I try to read one book from all of the most popular series, just so I know a little about them, and feel confident in recommending them (or not) to library patrons. That's how I've gotten stuck reading Rainbow Magic fairy books, which are really popular but certifiably terrible, but it's also how I've found some favorites. It's hard to claim you are reading for professional development as you plow through book six of the Ranger's Apprentice series, for example. Similarly, I've recently been hooked on this series for older elementary school-middle school students called Sew Zoey. It's about...
a sewing blogger!
Oh my gosh, right? Our little community has hit the big time. We've made it. We're in.
I thought I would write a little review, in case any of you
want to read them have small friends who you think might want to read the series. They're short (well, short for a grown up) at around 150 pages, so I've been picking up whichever ones are checked in and reading them on my lunch breaks. Overall, I think they are very cute, and it's hilarious to read about the glamorous life of a sewing blogger!
|Here's Zoey, planning out which sewalong to participate in this month.|
|You think that's horsehair braid in those ruffles? or just 500 miles of rolled hem?|
Each chapters begins with a quick blog post, including sketches of outfit ideas. The illustrations in these books are all black and white, so unfortunately we only see sketches. Also, strange for a sewing blogger, we never see finished products?
|Maybe I'll transition my blog to pencil-drawings only?|
Zoey quickly moves from Internet Famous to Actually Sort Of Famous when it turns out that real-life designer Daphne Shaw is a fan of her blog. In several books, Zoey gets asked to do famous-people things because of her blog.
If you've ever read Teen Vogue and seen the "best dorm ever!" or whatever column and been super jealous of some 19 year old's living space/wardrobe and confused by how some "regular 19 year old" has such great stuff and your house is full of misassembled ikea, then gotten to the part in the article where it says "daughter of designer _________/son of actress _______" and been like ohhhhh, these storylines will be familiar to you, because this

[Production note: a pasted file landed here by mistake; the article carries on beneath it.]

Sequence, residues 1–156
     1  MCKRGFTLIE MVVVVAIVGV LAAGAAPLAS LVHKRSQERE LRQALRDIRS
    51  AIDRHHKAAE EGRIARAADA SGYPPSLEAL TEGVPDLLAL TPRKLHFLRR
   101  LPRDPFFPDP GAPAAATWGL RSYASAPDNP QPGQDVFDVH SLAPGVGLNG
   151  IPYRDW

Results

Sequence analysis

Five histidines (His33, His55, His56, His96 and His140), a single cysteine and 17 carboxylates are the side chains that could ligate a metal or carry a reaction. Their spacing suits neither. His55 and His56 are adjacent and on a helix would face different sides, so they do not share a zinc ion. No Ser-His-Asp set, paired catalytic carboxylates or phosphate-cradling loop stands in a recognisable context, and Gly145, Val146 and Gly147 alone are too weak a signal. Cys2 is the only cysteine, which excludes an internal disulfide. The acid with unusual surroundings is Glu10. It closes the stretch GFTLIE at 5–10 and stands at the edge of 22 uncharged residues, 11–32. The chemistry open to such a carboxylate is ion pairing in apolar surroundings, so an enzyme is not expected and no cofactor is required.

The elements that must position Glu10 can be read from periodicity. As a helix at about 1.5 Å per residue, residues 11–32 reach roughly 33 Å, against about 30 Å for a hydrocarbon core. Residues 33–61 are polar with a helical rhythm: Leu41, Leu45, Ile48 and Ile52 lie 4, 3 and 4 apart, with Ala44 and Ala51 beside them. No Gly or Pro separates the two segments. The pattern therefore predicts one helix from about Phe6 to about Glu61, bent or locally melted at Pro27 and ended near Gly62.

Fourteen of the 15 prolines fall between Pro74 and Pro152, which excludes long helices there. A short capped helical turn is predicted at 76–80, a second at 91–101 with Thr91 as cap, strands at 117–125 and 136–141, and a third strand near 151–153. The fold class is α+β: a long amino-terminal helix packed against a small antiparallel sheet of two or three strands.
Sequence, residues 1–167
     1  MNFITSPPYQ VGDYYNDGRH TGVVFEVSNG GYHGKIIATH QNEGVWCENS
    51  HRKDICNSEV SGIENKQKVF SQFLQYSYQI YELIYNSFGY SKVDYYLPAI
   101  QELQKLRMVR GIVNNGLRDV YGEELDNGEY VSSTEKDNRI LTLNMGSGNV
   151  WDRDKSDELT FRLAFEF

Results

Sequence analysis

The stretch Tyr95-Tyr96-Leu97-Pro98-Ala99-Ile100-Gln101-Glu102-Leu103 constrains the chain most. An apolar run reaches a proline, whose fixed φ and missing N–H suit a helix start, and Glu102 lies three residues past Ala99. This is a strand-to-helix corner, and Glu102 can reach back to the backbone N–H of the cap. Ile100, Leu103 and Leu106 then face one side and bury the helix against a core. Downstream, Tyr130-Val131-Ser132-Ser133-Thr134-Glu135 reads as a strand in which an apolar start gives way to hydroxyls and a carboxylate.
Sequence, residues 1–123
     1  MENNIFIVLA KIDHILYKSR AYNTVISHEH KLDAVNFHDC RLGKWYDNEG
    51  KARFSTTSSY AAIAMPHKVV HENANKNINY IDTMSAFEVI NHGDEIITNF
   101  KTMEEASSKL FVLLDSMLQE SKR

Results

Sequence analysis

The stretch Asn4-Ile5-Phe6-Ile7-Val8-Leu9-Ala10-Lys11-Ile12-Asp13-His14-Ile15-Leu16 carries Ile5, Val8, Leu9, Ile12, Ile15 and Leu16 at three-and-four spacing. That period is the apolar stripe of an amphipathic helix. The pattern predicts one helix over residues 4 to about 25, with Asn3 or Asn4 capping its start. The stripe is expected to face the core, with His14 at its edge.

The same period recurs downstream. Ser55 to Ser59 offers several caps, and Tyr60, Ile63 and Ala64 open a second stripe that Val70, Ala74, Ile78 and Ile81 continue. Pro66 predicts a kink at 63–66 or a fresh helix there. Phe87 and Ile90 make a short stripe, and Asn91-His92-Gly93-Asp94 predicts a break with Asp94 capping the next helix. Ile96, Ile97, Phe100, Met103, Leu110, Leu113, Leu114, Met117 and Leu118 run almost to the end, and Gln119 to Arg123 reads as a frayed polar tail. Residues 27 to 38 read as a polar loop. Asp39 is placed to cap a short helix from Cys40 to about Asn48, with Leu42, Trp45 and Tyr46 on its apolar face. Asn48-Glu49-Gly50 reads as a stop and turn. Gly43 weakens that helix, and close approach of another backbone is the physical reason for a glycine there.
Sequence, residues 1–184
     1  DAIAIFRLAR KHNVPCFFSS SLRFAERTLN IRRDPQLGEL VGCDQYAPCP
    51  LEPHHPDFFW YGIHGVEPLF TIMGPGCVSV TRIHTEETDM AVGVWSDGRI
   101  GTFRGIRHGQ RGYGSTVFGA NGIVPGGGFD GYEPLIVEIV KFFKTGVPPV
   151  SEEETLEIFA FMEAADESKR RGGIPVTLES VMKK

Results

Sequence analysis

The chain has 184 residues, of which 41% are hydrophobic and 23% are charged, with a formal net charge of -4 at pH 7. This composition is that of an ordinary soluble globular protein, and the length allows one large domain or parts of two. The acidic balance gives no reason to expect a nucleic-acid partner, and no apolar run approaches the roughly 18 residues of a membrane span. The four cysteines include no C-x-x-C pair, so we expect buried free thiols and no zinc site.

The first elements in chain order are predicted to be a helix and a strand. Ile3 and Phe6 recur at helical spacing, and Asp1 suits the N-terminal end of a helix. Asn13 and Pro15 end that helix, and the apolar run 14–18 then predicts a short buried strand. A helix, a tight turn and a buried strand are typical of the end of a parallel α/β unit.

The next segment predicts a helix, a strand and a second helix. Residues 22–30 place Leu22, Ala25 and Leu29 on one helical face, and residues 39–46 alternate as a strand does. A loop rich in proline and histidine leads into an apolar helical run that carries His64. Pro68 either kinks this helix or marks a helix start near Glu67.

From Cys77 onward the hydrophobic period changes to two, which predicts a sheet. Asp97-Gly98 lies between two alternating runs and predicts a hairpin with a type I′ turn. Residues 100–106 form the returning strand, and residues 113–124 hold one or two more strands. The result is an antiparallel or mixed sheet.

totally rings true to all sewing bloggers only happens to the children of celebrities. In Lights, Camera, Fashion!, she's asked to be a guest judge of Fashion Showdown (Project Runway)--but the filming is the same night as the middle school dance! Luckily, they wrap early, and Zoey gets to wear the winning dress to the dance, arriving fashionably late. In another, she gets invited to a personal tour of the Daphne Shaw studio (the famous designer, remember?). In a third, she is part of an up-and-coming designer showcase in Tres Chic magazine. These star moments provide some nice aspirational fluff, backed up by a behind-the-scenes look at exactly how hard Zoey is working to keep on top of her sewing and schoolwork. In yet another, a teen celebrity who reads her blog(!) sees Zoey's sketch of an outfit on Sew Zoey and requests one for herself(!!), which she then gets photographed wearing on the cover of Celebrity magazine(!!!).
My favorite one I've read so far is Stitches and Stones, which deals with online harrassment/cyberbullying in an age-appropriate way. Zoey's blog comments start filling up with nasty comments, and Zoey starts feeling really down about her fashion design and her blogging. She's nervous to talk to her dad because she thinks he'll make her shut the blog down, but wise older brother convinces her to confess what's stressing her out, and dad and the principal get involved. Turns out (and I'm not giving anything away here, it's fairly obvious if you are an adult reading these) it is the mean girls at school, who have been using multiple pseudonyms to make it look like more than three mean commenters. Very sneaky.
|I feel you, Zoey.|
Overall, I quite enjoy reading these books. As an accurate representation of the life of a sewing blogger, they are a failure. Everyone knows that these blogs are a labor of love, and the vast (vast) majority of us make $0 (or -$, depending on if you count fabric, boo). However, they do feel very real on the middle school front. I didn't sew in middle school (nor did I blog, that wasn't a thing), but almost everyone feels like they stick out, especially if they are on the creative side, and the treatment of Zoey's everyday problems--friends, mean girls, homework--felt true to life. Add in the stress of sewing four fancy dresses to a deadline and middle school seems tough! Plus, often these more fashion-centered books for tweens get catty and mean, and the Sew Zoey series has a lot of heart. It's very moral without being preachy.
I was surprised by how much I enjoyed reading about Zoey's sewing and blogging. Its funny to relate to a character's sewing problems. Have you ever read any fiction books about sewing? Any recommendations?